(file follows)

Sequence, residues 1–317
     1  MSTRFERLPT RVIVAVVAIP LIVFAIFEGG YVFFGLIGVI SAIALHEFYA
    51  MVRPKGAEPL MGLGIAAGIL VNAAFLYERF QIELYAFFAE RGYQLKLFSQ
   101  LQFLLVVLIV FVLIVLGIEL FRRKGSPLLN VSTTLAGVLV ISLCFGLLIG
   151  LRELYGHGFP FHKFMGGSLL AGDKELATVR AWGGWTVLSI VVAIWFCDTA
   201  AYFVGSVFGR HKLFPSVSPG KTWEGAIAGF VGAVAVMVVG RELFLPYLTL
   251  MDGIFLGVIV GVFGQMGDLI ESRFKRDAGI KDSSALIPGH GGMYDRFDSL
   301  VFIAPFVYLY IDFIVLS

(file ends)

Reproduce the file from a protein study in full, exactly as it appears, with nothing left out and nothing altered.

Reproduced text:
Sequence, residues 1–317
     1  MSTRFERLPT RVIVAVVAIP LIVFAIFEGG YVFFGLIGVI SAIALHEFYA
    51  MVRPKGAEPL MGLGIAAGIL VNAAFLYERF QIELYAFFAE RGYQLKLFSQ
   101  LQFLLVVLIV FVLIVLGIEL FRRKGSPLLN VSTTLAGVLV ISLCFGLLIG
   151  LRELYGHGFP FHKFMGGSLL AGDKELATVR AWGGWTVLSI VVAIWFCDTA
   201  AYFVGSVFGR HKLFPSVSPG KTWEGAIAGF VGAVAVMVVG RELFLPYLTL
   251  MDGIFLGVIV GVFGQMGDLI ESRFKRDAGI KDSSALIPGH GGMYDRFDSL
   301  VFIAPFVYLY IDFIVLS